If the awards are supposed to show off the best web sites, then it should take the lay man as it’s starting point. Web sites aren’t only good because they’re well implemented, they’re good because the idea / content are good. There’s no point in saying boards.ie isn’t good because it just gave me 101 errors in a html validator. Keep the technical stuff boxed off.

    Sorry if thats all very obvious. I just think it’s important to ask who the awards are for, for web professionals to give the nod to web sites that they think are shining examples of their field, or for the internet-using general public.

  8. A lot of people criticised Golden Spider nominees for being full of validation errors – is this the scenario you are trying to avoid?

  9. Dennis Deery says:

    I would tend to agree with Jazz Biscuit. Most web users don’t care about validation and such. If they can read the site and get good stuff from it, it’s a successful site. So for most categories I wouldn’t worry about validation. Might be good to have an award for best validating technical entry or something, but I don’t think that should be a broad focus of the awards.

    Also, I think it’d be great to have a category for “most accessible” site – that’s an area that could really use highlighting.

  10. le craic says:

    I’d be in the Jazz Biscuit camp of thinking on this. Would also add that Steve Krug’s book Don’t make me think is where it’s at.

  11. Mike Kelly says:

    Plugins can have cross browser issues and may also then not be compatible with software updates.
    Themes (especially widgets) can have numerous bugs and cross browser issues and so I feel if a blogger can work around theses issues sourcing alternative plugins and themes and workaround codes codes etc and produce a good site it should be noted perhaps.
    Agree with Dennis re validation. The end user wants a quality site that is user friendly and explained in laymans terms but have a category with validation in mind.

    On another note my public_html folder was hacked recently with 3 .tar files((2GB each) so I would strongly recommend upgrading to WP 2.5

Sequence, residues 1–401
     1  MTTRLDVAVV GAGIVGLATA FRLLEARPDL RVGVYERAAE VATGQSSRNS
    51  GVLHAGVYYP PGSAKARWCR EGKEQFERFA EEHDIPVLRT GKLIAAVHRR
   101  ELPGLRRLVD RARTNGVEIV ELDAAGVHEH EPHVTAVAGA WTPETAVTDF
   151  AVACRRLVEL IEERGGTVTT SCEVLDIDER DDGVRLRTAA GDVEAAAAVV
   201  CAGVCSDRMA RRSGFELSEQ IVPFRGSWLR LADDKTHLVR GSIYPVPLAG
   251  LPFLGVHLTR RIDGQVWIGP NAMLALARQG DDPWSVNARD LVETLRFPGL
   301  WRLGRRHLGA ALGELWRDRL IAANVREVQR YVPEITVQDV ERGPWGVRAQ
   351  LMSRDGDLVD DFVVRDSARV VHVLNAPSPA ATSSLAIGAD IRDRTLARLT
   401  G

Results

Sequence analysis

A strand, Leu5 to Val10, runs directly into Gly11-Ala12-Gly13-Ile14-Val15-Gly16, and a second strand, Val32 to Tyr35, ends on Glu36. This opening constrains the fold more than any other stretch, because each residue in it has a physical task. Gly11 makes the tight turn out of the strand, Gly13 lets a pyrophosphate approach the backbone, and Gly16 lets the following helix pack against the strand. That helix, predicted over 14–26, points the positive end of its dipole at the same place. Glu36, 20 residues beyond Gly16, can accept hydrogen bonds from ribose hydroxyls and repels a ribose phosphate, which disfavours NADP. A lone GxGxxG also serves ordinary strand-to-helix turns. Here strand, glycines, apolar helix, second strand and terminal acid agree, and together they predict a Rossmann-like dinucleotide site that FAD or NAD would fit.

12. John B says:

    It’s not about pretty looking code for the geeks to drool over. You wouldn’t give an award to a builder for an amazing looking house if a surveyor told you it was going to fall down in three years.

  13. For me it is important that business websites have a single focus, or at least a very limited number of objectives.
    Then a measure of good and bad is the conversion rates achieved.

    Quite how you build that in is beyond me – altho I guess you could ask.
    1 What is your primary site objective?
    2 How successful is your site in achieving that objective?
    3 How do you measure it?

    All the rest is flim flam :-)

    keith

  14. Michele says:

    I think the reason so many people focussed on the validation of the Golden Spiders was because a number of past winners did not work in Firefox and other non-IE browsers.

  15. [...] a pending announcement of the critera for the Web Awards (you can still contribute here) and the 20 or so categories for the Awards will be announced in two [...]

  16. elly parker says:

    Ease of navigation for a new user
    Are contact details easily available?
    If the site is big enough, is site map easily findable?
    Accessibility should definitely be a category on it’s own – I know of several sites that GM gave up reading as the text was too small and Firefox wasn’t able to make it bigger.

  17. Krishna De says:

    Could there be a special award for the most effective integration of Web 2.0 strategies around building community?

    Will you also be looking at key elements of content building on Elly’s comments about ease of navigation? There would be some very specific things I’d look for in a business site.

  18. For me the criteria should be a simple one of “does it do what it says on the tin?” Have one award for best design, but overall in all other categories it should be less about design and more about effectiveness.